September 26, 2023


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A Guide To Furu (Fermented Bean Curd)

A Guide To Furu (Fermented Bean Curd)

The to start with time I tried using furu in earnest, I was functioning as a volunteer at a hostel in a distant village in the eastern Chinese province of Anhui. The proprietor pulled out a jar of property-cured fermented bean curd through employees breakfast and dared me to attempt some. He plopped a soft, thimble-sized dice of tofu on my plate and instructed me to smear it on major of a simple steamed bun. “Just consider a small bit,” he said. “It’s actually sturdy.” 

Pungent, creamy and salty, like a extremely tender brie, the furu was a sudden punch of flavor that took me by surprise, practically like biting into a spoonful of miso straight from the jar. But shortly, the sweet and just about milky notes started to kick in and I found myself getting a minor bit a lot more. Really quickly, I was having furu for breakfast each working day and it continues to be my go-to morning staple in Taiwan in which I now live—something that I liberally smear on steamed bread like butter on toast. 

What Is Furu?

In Mandarin Chinese, the word furu 腐乳 is the mix of two characters:fu 腐, which is shorthand for tofu, and ru 乳, which means cream. “Furu is like cream cheese,” claims Pao-Yu Liu, a London-primarily based, Taiwan-born fermenter who operates workshops on how to make furu. “Cream cheese is fermented dairy. Furu is fermented tofu.”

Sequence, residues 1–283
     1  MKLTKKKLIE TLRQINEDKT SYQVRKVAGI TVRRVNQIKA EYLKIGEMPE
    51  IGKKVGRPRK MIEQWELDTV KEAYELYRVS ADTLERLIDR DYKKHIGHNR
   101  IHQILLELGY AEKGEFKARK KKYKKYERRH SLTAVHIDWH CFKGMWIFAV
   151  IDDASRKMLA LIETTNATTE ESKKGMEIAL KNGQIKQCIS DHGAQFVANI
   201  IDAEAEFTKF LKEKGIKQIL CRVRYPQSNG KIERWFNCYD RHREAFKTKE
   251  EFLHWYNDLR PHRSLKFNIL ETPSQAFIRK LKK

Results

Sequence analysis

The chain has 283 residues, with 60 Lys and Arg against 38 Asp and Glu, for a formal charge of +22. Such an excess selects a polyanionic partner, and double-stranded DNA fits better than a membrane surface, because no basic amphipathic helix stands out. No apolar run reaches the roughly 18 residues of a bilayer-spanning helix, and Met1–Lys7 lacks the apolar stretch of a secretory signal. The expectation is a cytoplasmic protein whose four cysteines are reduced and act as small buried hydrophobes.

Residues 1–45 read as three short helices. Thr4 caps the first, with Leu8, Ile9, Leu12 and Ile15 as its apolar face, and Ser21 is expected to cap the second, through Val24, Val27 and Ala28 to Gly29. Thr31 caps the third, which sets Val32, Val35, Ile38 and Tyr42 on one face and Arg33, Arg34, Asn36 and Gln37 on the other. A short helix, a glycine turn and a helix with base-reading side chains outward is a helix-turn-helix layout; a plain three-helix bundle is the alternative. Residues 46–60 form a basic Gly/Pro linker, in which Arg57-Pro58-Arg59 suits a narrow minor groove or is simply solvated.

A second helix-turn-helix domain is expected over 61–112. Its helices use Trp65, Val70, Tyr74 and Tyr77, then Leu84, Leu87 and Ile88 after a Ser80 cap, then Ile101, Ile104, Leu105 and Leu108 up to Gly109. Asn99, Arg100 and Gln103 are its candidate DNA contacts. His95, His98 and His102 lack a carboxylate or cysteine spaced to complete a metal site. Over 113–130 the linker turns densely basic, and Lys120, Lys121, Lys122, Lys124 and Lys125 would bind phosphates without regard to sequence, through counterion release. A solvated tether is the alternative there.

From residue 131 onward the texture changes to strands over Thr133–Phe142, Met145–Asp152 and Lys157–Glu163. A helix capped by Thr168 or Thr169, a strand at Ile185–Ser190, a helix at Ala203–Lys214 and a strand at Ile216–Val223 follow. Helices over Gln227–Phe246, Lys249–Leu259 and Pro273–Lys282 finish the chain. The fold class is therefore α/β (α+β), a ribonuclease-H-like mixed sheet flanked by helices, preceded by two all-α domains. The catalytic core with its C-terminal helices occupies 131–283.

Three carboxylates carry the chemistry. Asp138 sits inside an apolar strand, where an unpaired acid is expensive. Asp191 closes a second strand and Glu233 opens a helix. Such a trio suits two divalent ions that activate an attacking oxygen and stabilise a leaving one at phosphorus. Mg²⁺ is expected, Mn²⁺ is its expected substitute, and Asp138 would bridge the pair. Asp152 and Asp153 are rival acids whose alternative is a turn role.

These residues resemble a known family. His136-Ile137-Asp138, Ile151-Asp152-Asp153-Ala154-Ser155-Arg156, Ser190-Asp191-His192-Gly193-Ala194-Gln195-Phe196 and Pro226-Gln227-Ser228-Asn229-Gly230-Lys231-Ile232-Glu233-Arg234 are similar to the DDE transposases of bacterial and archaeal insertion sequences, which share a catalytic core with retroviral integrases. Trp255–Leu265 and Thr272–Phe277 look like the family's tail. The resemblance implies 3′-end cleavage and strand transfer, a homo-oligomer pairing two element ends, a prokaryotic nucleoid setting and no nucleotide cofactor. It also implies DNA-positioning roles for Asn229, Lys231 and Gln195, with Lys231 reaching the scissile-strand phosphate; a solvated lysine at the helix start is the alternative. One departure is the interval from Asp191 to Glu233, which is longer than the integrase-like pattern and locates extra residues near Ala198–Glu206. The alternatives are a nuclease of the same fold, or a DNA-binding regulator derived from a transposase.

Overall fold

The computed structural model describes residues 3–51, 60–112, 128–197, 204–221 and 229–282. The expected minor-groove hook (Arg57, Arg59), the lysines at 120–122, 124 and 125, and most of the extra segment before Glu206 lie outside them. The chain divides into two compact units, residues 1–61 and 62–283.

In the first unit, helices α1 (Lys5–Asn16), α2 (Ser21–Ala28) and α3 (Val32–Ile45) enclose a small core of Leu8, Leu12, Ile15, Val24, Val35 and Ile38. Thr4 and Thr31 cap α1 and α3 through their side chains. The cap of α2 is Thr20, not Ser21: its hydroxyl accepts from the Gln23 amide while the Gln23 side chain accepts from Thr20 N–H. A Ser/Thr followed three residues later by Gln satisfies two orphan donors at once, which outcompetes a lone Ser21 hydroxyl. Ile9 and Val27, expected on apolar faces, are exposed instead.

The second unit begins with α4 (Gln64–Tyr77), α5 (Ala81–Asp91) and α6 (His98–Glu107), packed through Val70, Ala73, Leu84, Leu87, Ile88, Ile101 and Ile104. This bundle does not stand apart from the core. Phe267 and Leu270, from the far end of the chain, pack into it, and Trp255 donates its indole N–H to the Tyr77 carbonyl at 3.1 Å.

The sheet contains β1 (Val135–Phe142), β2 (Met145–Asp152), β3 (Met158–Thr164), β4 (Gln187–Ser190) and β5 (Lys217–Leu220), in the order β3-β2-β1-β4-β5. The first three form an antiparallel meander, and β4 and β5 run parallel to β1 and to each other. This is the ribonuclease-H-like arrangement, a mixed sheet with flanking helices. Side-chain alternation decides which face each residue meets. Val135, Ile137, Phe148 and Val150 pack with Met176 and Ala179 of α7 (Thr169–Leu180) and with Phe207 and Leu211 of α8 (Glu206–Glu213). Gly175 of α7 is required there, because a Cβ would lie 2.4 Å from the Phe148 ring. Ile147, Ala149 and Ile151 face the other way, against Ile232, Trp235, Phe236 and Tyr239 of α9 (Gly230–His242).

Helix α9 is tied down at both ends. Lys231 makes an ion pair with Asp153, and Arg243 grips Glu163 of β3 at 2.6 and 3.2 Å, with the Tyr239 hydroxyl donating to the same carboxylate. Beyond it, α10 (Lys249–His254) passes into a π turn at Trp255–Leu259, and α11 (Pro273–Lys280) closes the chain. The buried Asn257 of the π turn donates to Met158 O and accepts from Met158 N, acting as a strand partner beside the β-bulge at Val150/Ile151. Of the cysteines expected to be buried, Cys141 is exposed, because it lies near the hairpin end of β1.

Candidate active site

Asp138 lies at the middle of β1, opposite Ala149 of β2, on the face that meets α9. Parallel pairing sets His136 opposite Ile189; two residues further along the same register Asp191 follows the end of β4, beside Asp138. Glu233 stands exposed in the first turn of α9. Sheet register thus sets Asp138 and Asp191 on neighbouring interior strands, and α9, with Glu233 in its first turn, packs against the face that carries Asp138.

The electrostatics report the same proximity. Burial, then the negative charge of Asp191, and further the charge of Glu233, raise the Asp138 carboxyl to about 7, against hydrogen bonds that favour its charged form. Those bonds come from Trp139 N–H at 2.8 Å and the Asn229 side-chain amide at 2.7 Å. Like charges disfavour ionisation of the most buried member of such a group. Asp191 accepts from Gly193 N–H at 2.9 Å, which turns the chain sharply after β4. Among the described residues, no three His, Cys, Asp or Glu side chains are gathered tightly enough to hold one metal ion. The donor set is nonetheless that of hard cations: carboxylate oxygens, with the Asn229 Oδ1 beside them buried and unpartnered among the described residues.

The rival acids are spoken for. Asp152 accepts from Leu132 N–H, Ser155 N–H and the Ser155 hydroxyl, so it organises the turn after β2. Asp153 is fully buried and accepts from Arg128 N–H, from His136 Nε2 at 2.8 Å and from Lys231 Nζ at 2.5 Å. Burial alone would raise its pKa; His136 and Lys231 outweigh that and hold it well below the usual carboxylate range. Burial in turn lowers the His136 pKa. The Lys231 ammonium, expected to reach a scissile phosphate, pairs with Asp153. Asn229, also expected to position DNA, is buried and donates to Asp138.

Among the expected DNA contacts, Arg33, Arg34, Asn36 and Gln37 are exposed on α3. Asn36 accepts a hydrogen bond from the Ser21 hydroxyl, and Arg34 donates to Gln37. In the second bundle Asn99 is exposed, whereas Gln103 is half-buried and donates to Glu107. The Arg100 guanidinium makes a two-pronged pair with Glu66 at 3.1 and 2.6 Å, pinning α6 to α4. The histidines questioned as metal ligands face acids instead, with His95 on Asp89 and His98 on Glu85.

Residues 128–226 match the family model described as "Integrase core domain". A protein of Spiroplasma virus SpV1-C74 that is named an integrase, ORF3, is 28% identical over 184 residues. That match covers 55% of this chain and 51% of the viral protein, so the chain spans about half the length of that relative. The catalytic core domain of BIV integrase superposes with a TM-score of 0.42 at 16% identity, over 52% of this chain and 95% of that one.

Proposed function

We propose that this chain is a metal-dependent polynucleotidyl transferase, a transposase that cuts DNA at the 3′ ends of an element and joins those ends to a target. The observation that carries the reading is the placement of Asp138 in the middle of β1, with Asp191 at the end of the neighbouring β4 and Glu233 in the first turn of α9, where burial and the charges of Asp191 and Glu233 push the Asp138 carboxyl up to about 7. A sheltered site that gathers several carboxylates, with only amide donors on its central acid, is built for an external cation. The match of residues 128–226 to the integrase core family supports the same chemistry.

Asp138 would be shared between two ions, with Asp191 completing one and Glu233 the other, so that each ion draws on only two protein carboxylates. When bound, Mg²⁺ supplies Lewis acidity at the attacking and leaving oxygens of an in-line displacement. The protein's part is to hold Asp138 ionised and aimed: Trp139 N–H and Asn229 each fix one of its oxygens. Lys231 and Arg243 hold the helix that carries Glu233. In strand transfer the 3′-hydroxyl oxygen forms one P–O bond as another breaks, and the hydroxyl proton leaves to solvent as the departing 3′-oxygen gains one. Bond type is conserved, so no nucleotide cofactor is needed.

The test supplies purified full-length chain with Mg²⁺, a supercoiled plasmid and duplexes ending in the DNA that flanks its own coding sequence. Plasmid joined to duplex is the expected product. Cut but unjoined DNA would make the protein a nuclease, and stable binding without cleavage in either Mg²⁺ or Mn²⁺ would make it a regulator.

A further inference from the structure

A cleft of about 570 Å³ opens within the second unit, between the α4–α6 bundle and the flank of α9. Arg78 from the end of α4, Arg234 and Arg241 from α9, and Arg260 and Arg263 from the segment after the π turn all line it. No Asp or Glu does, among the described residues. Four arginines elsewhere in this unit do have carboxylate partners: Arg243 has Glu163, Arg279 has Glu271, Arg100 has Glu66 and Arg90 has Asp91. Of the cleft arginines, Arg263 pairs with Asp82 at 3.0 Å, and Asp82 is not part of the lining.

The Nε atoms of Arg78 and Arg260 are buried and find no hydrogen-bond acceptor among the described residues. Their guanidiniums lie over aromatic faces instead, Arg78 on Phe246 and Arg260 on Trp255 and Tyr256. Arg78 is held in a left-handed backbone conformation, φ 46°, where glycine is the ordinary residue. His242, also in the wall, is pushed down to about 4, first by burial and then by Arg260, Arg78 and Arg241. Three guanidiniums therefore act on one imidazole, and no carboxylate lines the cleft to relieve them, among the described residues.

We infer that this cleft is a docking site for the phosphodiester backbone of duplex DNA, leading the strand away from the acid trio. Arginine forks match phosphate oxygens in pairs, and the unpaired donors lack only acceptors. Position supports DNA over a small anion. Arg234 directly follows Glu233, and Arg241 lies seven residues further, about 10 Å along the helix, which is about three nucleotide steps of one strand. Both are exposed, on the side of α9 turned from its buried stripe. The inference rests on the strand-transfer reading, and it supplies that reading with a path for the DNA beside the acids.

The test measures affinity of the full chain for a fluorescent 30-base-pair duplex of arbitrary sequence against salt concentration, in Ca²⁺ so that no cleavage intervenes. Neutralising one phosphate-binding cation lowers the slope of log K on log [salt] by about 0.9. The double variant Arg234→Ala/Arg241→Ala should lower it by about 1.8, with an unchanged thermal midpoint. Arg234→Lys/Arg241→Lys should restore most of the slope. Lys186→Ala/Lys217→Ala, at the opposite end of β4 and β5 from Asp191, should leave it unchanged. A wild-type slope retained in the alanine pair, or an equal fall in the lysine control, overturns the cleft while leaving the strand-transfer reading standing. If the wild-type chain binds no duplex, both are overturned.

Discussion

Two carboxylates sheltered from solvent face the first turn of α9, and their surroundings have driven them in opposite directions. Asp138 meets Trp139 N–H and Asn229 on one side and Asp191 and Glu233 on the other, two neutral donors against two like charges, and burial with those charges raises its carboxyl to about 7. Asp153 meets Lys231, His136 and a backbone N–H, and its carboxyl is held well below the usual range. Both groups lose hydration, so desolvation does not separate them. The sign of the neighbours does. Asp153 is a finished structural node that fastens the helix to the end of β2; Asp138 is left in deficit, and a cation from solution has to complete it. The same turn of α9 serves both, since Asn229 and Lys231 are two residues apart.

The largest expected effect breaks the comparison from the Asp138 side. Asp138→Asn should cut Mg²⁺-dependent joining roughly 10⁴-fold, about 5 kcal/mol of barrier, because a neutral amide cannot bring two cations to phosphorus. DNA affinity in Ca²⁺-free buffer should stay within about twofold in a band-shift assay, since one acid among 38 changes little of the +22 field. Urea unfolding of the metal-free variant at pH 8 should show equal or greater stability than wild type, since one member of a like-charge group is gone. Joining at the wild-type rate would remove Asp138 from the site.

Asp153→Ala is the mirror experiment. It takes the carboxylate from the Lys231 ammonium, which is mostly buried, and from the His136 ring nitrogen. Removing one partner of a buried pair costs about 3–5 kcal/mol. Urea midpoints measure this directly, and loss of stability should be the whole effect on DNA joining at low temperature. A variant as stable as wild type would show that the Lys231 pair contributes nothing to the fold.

The process begins by inoculating small chunk-sized cubes of tofu with mould, which triggers an enzymatic process that breaks down the tofu until eventually it is gentle, seasoned, and creamy. “The enzymes in the mould support break down the tofu into all these different flavors and change the texture a whole lot. Tofu has a bouncy, juicy texture and then soon after fermentation it becomes tremendous creamy,”  states Mara Jane King, co-founder of Ozuké, a fermented food items enterprise that distributes throughout the United States, and writer of a forthcoming guide on Chinese fermentation. 

Really serious Eats / Amanda Suarez

A shelf secure pantry item uncovered through East and Southeast Asia, furu can be produced in a quantity of distinct means. In China, wild mildew spores in the air latch onto the tiny, company cubes of tofu as it sits out. They are then still left in a heat and dark place—at all-around 85°F (30°C)—for a couple times, at which issue white fuzzy hairs start off to envelop them. The hairs are wiped off and the tofu is submerged in a salted and seasoned brine for months, which is when the second fermentation will take spot. “The enzymes will split down the protein into amino acids, starch into sugar, and extra fat into fatty acids,” says Liu.